wellness tips for emotional healing

Emotional health is a basic tenet of well-being. Since your body functions as a system, lacking emotional regulation skills can affect your mental and physical health. If you recently had to deal with a job loss or a breakup, you’ll find learning practical tips for processing pain, trauma, and grief essential to healing.

What Is Emotional Healing?

Pain manifests in two ways — physically and emotionally. Sometimes, the latter is more impactful and challenging to get over. Emotional healing is the process of accepting painful or traumatic life experiences, and letting go of them to achieve inner peace.

Emotions are a currency of health. Trapping strong negative ones inside the body can increase the risk of mortality. Experts found anxiety and sadness are associated with inflammation that creates biological wear and tear on the body, leading to severe conditions.

Why Is Emotional Healing Important?

Emotional health is linked with your overall well-being, so recovering from those traumas and distress is critical. Think of your being as a collage of three main features — the body, mind and soul. Emotions are part of this mind-body-soul network.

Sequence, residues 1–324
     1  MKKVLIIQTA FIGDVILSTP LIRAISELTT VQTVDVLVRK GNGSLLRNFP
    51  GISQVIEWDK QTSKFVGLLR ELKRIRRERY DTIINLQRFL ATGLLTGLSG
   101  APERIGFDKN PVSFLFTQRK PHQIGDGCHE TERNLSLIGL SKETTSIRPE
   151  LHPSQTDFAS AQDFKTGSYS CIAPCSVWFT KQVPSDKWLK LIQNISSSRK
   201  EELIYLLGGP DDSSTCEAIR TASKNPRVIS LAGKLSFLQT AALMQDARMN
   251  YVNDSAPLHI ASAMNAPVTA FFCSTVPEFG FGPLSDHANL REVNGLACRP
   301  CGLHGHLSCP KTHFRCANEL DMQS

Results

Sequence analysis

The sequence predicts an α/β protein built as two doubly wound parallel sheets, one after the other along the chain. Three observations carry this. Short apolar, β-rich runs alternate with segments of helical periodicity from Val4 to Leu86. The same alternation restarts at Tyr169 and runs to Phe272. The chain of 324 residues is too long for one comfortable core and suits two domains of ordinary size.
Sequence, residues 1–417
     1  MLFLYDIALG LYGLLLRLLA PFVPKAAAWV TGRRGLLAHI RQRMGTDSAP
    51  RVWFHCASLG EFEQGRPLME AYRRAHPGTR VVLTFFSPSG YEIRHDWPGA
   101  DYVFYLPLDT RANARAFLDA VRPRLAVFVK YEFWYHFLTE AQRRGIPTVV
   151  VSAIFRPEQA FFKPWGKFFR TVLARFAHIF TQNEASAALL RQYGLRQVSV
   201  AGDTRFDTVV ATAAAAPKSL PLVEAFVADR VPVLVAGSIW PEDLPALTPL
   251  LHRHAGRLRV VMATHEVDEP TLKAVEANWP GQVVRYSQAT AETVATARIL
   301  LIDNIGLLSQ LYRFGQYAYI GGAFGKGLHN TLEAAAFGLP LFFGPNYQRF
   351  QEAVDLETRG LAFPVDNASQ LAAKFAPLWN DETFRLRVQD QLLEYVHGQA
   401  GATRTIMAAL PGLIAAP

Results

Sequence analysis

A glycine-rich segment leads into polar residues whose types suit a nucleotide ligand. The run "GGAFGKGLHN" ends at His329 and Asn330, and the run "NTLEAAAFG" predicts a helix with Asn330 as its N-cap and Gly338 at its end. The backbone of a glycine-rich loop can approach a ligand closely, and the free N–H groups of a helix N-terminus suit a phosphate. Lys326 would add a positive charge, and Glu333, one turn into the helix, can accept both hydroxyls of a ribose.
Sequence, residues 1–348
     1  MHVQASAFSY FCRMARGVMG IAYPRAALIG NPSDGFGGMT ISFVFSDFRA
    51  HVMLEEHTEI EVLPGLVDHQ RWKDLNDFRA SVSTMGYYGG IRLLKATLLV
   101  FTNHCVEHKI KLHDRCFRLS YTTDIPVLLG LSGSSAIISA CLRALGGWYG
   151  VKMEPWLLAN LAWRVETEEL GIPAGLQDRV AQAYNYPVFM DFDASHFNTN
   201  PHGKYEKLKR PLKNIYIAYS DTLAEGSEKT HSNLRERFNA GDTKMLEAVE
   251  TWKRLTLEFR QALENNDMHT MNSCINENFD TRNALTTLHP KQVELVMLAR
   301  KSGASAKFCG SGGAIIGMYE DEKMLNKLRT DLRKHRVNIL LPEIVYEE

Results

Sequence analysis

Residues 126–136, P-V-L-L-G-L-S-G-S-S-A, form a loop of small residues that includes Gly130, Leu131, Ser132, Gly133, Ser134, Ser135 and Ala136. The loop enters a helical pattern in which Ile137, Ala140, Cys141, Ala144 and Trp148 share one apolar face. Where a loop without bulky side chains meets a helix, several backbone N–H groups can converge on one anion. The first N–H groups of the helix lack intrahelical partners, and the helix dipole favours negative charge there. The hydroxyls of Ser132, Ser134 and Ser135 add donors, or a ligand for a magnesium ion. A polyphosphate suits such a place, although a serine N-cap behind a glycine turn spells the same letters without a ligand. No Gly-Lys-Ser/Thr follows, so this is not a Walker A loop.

Doing things that bring joy nurtures the soul. Meanwhile, intense feelings of hurt and pain prompt misery that affects your life, relationships, and career.

When Do You Require Emotional Healing?

Problems make life meaningful since you develop wisdom and skills every time you overcome them. However, major adversities like the passing of a loved one, breakups, divorce, abuse, job loss and illness can sometimes get you stuck in a loop of unhealthy emotions that’s hard to escape.

These situations require you to face grief and heal your emotions. Don’t avoid pain — it will only delay healing.

Each person has a different level and means of coping. Some go through the seven stages of grief on their own, whereas others require help. Symptoms of shock, denial and anger usually resolve after one to two years. If they continue to affect your personal life, seek professional help.

Strategies to Heal Yourself

It can take years for some people to get better emotionally, depending on their level of resilience. Combine two or more of these techniques to recover from distress.

1. Allow Yourself to Grieve